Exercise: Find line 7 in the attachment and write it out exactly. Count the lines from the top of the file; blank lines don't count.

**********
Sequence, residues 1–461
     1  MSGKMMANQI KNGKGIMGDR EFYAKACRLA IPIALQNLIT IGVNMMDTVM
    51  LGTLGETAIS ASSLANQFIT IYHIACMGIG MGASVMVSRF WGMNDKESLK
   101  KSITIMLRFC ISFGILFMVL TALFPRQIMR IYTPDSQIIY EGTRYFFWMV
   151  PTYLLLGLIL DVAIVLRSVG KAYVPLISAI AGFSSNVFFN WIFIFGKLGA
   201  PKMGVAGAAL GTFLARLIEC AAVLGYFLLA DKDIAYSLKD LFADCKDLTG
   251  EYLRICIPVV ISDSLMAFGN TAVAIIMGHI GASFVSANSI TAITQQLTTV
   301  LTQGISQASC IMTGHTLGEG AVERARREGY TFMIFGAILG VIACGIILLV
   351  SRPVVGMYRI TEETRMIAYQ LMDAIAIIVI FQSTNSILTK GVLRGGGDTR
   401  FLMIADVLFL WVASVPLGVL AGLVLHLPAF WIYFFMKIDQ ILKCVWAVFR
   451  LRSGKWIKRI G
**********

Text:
   251  EYLRICIPVV ISDSLMAFGN TAVAIIMGHI GASFVSANSI TAITQQLTTV